Where all the lights are bright: Students and L-A celebrate Night in Town

Students jam Guthrie's to see the Bates improv group Strange Bedfellows perform. (Phyllis Graber Jensen/Bates College)

Students jam Guthrie’s to see the Bates improv group Strange Bedfellows perform. (Phyllis Graber Jensen/Bates College)

This spring’s edition of Bates Night in Town, an occasional event that encourages Bates students to go out and taste Lewiston and Auburn’s offerings, was a big hit on May 7.

Students, faculty, staff and community members flocked to eateries and student performances on both sides of the river, enjoying not just the amenities but the laughter and friendship that thrive during Short Term. The event was organized by Bates students in conjunction with L-A businesses and the Androscoggin County Chamber of Commerce.

Among the restaurants offering discounts to Bates students, She Doesn’t Like Guthries was a popular stop. Known for tasty burritos and sandwiches, the joint teemed with students appreciating the witty performances of the Strange Bedfellows, a Bates improv group.

The Guthries crowd was mostly Bates students. The walls in the dimly lit restaurant were decorated with mosaic artworks for sale, and a hanging bike and album covers of the Beatles and Bob Marley lent a retro feel.

In the audience were juniors Lani Eversage and Gilbert Brown, who declared themselves delighted to see “how interwoven the Bates community is with Lewiston.”

The crowd enjoys Bates student performances in Auburn's Festival Plaza. (Phyllis Graber Jensen/Bates College)

The crowd enjoys Bates student performances in Auburn’s Festival Plaza. (Phyllis Graber Jensen/Bates College)

A few blocks away at another participating restaurant, the upscale Fuel, owner Eric Agren praised Bates Night in Town as a “focused opportunity for students to come out as groups.” The event provided restaurateurs with a valuable marketing opportunity, said Agren, who added that he’s a fan of Bates’ own dining Commons.

Caroline O’Sullivan ’14, lead organizer of Bates Night in Town, monitored the spaces displaying student artworks. “We wanted to use different mediums such as art to help students connect with members of the community,” she said. Bates Night in Town is a great motivator for students who are interested in getting off campus but normally don’t do so.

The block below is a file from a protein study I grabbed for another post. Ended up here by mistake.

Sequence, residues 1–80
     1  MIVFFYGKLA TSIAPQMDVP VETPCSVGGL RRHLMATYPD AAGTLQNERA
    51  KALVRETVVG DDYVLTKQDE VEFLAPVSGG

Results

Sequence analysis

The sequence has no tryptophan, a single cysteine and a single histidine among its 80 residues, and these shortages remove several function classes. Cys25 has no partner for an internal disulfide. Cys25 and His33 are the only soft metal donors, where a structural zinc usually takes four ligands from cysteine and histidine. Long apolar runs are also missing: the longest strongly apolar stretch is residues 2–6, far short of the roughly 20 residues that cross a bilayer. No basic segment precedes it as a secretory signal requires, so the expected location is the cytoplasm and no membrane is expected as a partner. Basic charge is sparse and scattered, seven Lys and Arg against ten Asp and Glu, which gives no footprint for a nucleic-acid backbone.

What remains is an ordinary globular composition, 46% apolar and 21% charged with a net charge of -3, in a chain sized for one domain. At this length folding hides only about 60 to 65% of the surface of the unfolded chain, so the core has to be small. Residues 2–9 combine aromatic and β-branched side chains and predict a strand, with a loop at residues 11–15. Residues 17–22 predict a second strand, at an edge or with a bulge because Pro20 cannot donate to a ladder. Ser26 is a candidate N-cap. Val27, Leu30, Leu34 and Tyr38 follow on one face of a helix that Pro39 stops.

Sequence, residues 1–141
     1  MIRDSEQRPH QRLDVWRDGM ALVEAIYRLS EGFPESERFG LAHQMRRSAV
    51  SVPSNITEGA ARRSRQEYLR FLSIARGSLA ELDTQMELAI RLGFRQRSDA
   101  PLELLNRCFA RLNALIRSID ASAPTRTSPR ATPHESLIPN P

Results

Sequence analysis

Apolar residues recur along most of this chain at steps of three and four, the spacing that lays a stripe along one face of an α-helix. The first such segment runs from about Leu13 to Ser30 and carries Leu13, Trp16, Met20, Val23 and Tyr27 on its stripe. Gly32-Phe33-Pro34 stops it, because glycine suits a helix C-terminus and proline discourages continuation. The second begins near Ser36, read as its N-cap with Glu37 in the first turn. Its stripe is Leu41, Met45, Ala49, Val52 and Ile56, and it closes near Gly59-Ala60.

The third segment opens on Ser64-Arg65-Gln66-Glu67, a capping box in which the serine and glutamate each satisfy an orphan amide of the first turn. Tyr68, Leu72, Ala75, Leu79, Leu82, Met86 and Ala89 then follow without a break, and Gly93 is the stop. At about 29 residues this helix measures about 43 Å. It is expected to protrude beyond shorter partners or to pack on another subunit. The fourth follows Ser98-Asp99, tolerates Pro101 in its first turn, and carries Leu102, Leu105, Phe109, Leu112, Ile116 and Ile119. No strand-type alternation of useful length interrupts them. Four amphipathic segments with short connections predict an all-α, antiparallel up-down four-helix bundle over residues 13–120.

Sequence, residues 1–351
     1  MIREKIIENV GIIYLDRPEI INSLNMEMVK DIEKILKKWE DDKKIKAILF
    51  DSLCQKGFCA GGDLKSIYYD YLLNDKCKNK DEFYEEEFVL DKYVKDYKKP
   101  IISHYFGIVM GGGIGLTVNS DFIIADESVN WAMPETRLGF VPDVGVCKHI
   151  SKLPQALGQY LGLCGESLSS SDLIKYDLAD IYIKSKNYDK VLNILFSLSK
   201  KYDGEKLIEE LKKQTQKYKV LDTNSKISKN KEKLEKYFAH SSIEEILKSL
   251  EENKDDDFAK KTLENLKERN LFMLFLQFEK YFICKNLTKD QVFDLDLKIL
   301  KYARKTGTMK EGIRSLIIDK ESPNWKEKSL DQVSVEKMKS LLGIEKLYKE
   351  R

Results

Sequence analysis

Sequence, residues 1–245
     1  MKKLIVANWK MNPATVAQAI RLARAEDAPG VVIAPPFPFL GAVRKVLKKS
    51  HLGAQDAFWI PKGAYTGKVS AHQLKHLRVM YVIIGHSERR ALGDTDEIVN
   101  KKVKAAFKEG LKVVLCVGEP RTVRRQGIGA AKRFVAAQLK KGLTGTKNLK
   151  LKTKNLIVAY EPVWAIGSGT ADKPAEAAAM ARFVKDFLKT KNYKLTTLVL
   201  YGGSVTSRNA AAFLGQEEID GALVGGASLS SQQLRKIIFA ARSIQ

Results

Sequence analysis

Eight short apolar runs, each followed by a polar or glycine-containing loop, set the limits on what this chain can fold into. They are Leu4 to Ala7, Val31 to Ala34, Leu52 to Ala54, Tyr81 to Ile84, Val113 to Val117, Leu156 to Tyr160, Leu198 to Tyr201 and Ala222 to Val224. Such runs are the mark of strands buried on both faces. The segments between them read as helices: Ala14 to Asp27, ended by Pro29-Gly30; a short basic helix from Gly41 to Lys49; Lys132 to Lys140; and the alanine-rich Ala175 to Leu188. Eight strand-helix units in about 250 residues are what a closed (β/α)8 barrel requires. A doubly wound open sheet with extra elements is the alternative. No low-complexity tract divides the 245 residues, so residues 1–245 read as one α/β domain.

O’Sullivan later described the evening as “a great success. I was so pleased to see so many Batesies downtown enjoying the beautiful spring weather and delicious food.”

Shown at L/A Arts' Lisbon Street office during Bates Night in Town, organizer Caroline O'Sullivan called the night a "great success." (Phyllis Graber Jensen)

Shown at L/A Arts’ Lisbon Street office during Bates Night in Town, organizer Caroline O’Sullivan ’14 called the night a “great success.” (Phyllis Graber Jensen/Bates College)

The eating, music making and strolling through the Twin Cities culminated in an a cappella and dance extravaganza at Auburn’s Festival Plaza, overlooking the Androscoggin River. Students from Bates and other local schools congregated with community members at the Plaza, some bearing treats from the nearby Top It Frozen Yogurt Bar.

As the Bates Dance Club performance unfolded, the crowd cheered and captured it on their smartphones.

A collaboration between the Merimanders and the Manic Optimists on the Destiny’s Child hit “Survivor” was widely cheered for its energetic, funny moves and lovely singing. In the crowd was an enthusiastic Bates President Clayton Spencer.

“I always love to see Bates and L-A connecting,” said Carly Peruccio ’16 as the night drew to a close. “Bates is a part of L-A, and events like this promote the connection.”

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